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Reflections on the ERA

Written By: - Date published: 2:30 pm, October 22nd, 2009 - 4 comments
Categories: national/act government, workers' rights - Tags: ,

There’s been a fair bit of coverage of John Key’s use of the CTU conference to divide and rule over wages and announce he’ll be making it even easier for employers to sack people without going through the proper process, but it was this statement that really caught my attention:

… the National Party’s election policy outlined some other possible areas for employment law reform. I know you are keen to hear how that work is progressing.

Again, let me be upfront. I understand the Minister of Labour has taken a first look at these issues. The Cabinet is yet to consider any recommendations however. The fact that these issues have not been progressed more rapidly reflects where they sit in the Government’s agenda – they’re not a driving priority.

Of course, you have to take anything Key says with a grain of salt, but I’d read that as saying they’re parking any major reform of the Employment Relations Act for the forseeable future – probably the rest of the term.

There’ll still be piecemeal attacks on work rights – a meal break here, a personal grievance right there, some clawbacks in the Holidays Act – but Key appears to be saying the ERA framework is something National and the business sector can live with.

I’ve got no doubt there may be a bit of realpolitik going on here. Key understandably will have little desire to confront the union movement head-on. They’re a different beast from that the movement National all but destroyed back in 1991, and they’re arguably the only organised fighting force on the left.

But I think it says a lot more about how weak the ERA is than anything else. The fact is the Employment Relations Act has always been a fundamentally neoliberal piece of legislation.

For all the hyperbole and rhetoric we heard from business and from National over the last nine years, by international standards the ERA is heavily slanted in favour of business and against workers. Sure, it was a significant improvement on the ECA, but that’s not hard when the ECA was basically Pinochet without all the shooting.

That’s something for Labour to think about for next time it’s in government. If the ERA is something even a neoliberal like John Key can live with, shouldn’t we be trying for something better?

Daveo

4 comments on “Reflections on the ERA ”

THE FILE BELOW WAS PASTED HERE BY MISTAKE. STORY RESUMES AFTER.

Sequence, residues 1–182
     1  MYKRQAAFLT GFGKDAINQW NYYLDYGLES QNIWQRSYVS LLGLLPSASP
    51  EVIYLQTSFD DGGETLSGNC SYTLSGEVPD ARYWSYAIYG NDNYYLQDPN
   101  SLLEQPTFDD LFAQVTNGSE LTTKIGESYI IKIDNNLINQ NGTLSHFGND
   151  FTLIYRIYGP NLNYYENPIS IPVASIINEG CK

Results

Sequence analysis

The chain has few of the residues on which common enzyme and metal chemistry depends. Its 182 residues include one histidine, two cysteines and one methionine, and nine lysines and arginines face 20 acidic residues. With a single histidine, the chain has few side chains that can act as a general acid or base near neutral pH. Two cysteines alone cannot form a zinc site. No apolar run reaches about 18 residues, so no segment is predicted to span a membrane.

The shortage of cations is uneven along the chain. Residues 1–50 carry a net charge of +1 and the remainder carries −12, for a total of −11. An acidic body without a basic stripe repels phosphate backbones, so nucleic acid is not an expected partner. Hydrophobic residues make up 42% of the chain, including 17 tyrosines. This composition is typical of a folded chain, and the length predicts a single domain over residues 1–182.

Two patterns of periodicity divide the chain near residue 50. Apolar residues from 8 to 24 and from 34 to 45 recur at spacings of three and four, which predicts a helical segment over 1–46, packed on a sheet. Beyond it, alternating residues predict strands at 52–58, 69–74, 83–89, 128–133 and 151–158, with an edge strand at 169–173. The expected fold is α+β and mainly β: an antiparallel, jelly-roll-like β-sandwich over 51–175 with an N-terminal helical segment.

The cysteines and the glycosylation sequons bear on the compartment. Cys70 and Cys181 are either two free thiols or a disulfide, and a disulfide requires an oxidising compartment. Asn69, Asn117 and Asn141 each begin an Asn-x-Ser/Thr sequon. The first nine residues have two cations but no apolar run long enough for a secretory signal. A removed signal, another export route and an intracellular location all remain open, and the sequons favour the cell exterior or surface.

1. Bill 1

    Never mind the Labour Party, what about the unions?

    Depressingly. Was at a CTU/Labour Party whing ding prior to the election and a union official had the temerity to mention the right to strike (lack of) in an open forum part of the shebang.

    Could have heard a pin drop.

  2. toad 2

    Yeah, privatising ACC was “not a driving priority” either – until last week when the Actoids got a bit uppity!

  3. Brickley Paiste 3

    I don’t think you could be more incorrect – and that fact scares me.

    The rest of what you quoted goes like this:

    “That’s not to say the Government is ruling out any future changes to employment law. We are a solutions-focused government, so if we can see employment law is causing serious problems for people, we will be prepared to look at it.

    When I travel around the country people do raise employment law concerns with me from time to time. The most common problems they point to are with the confusing aspects of the Holidays Act, the lack of flexibility in the rest and meal breaks legislation and the potential abuse and costly nature of personal grievance processes.

    The Government has responded to the first, we are responding to the second, and I’m flagging today that the Minister of Labour will take a look at personal grievance processes as well.”

    That last sentence should give anyone involved in helping employees pause.

    Bye bye procedural fairness. Hello, more or less, fire at will.

    We’ve had the Nats for a year with no substantive change to employee protection.

    Did you think that was going to last forever? Apprently the Labour Party did because they haven’t been out in front of this at all.

  4. Brickley Paiste 4

    “The fact is the Employment Relations Act has always been a fundamentally neoliberal piece of legislation.”

    Bullshit it is. That’s so unhelpful. The duty to conclude a collective agreement. Good faith bargaining. Union access. Section 42 jump. Section 97 scab provisions. Yes, you’re right. All the stuff of unbridled neoliberalism.

    The problem with the union movement is comments like that in your post.

    There are problems: facilitation is bullshit. Etc. However, the Act is definitely employee-focused and better for unions than what came before, as you concede.

    And it is a problem that density has stagnated.

    However, most unions are about as helpful as banks or insurance companies.

    Your point that changing PG rules is a “tweak” shows how unions only care about their own patch — the demarcation disputes of yore.

    What international standards do you refer to? Canada? No. USA? No. Aussie, maybe. UK? No. Sweden/Germany/etc? Maybe.

    I still thinking pissing on the ERA is a stupid move though.

    Compulsory unionism will never ever come back. Density will never ever get back to where it was.

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